It might be argued that the report itself is an example of disinformation. The article that describes the report provides no criteria for distinguishing the Twitter accounts engaged in disinformation, other than that the views they propound cohere with themes of the Russian narrative. The report veers toward the Red Scare techniques of the Cold war. But let’s be clear: you can advocate the view that NATO shares part of the blame for the war without in any way being part of Russia’s disinformation campaign.

Having said this much, I must also state that disinformation does exist. I know because I have debated with a bot. On a Canada-wide network of peace activists, I have been critical of those who jump to the conclusion that the war in Ukraine is a NATO war. Bots entered the intellectual fray, but one of them was very poorly programmed. It acted like a parody of a bot: in one message, claiming to speak on behalf of the ostensibly Western-oppressed “Third World” (this archaic term itself being a tip-off); in the next as an outraged representative of the people of the Donbass, allegedly brutalized by the “Nazi” government in Kyiv. It was over the top in the most extreme version of Russian disinformation and bombast. It was a stupid bot. Bots like this give artificial intelligence a bad name.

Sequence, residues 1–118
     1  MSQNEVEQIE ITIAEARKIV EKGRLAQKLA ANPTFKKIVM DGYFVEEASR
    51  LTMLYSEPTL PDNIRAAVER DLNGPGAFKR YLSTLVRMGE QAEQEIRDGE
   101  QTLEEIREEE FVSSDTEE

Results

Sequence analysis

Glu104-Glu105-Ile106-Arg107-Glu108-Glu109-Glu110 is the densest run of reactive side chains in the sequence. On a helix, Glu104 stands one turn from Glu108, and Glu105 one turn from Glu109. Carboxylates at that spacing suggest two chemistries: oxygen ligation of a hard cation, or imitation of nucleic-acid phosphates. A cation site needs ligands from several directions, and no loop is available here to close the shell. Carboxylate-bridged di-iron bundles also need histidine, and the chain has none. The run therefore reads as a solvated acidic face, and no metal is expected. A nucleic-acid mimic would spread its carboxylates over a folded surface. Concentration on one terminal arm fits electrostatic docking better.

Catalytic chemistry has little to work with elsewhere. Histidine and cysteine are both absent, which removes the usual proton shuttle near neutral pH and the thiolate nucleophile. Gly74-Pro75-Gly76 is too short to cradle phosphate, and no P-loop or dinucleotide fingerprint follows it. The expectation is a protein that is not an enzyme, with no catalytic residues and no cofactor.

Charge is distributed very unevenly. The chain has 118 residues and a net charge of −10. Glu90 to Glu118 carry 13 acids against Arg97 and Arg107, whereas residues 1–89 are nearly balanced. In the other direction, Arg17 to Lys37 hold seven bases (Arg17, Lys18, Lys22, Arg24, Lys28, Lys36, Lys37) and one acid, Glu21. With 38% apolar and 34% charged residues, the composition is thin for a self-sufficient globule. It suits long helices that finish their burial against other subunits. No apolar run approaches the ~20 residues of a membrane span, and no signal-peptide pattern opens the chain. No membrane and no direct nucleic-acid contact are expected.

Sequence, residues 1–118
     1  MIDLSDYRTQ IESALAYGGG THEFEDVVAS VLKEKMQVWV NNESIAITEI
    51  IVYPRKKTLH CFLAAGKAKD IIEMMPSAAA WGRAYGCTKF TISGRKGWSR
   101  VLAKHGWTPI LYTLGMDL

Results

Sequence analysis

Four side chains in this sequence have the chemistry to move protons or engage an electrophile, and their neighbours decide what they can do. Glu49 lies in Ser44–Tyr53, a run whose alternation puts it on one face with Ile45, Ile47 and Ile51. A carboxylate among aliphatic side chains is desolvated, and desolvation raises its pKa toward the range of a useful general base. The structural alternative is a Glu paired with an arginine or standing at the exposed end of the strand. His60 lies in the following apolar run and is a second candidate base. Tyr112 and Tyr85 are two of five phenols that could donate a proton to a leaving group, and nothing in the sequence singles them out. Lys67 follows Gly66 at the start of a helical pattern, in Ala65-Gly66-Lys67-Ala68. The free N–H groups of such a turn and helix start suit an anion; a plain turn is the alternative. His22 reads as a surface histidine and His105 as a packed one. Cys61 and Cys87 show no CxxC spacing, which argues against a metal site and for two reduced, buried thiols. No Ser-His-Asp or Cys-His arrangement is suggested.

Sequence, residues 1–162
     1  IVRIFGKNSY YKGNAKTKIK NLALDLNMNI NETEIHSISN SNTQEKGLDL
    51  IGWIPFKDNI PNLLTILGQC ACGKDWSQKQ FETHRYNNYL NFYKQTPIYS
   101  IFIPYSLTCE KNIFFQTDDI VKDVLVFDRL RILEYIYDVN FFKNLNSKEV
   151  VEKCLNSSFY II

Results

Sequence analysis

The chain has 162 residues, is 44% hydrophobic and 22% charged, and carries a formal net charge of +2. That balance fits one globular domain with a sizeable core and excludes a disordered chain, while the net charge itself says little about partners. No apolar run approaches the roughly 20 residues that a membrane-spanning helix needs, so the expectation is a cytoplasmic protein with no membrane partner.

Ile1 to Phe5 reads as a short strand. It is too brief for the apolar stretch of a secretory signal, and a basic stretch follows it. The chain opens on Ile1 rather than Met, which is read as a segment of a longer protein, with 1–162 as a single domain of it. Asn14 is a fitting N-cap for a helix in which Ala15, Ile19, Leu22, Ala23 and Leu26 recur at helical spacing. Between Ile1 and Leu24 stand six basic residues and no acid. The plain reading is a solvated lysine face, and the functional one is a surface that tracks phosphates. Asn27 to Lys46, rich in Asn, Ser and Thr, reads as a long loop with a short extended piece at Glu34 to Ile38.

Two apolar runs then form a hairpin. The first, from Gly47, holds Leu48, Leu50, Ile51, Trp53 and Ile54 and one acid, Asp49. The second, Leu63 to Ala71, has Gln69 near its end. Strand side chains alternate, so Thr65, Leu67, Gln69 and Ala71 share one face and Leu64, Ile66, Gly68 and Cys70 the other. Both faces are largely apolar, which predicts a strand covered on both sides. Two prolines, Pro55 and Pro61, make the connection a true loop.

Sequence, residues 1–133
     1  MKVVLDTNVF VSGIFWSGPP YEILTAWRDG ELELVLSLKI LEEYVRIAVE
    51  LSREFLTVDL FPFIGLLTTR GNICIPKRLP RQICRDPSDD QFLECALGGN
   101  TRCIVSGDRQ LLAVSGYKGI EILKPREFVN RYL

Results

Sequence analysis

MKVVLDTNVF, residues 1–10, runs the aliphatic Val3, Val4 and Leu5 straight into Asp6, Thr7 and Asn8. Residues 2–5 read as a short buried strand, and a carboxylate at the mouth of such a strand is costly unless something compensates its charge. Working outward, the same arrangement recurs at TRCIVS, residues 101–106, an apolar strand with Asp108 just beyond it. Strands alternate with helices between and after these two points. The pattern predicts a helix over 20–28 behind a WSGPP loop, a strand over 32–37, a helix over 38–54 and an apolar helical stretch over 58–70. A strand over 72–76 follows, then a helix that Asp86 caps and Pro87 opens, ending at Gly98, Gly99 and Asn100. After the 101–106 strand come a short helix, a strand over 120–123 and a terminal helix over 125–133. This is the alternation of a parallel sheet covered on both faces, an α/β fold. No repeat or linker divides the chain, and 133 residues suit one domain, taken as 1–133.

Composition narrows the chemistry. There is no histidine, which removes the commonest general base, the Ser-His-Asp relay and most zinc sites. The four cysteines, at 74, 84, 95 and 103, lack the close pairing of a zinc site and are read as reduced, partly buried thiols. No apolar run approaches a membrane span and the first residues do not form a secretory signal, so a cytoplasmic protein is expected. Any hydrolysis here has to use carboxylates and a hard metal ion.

The global situation is complex. Yes, there is disinformation undertaken by Russian agencies. But let us be careful not to equate disinformation with any ideas that conflict with the dominant Western narrative. If we allow that to happen, we will find ourselves returning to the era of US Senator Joseph McCarthy in the 1950s, with his “unamerican activities committee” rooting out fellow travelers of the Communists.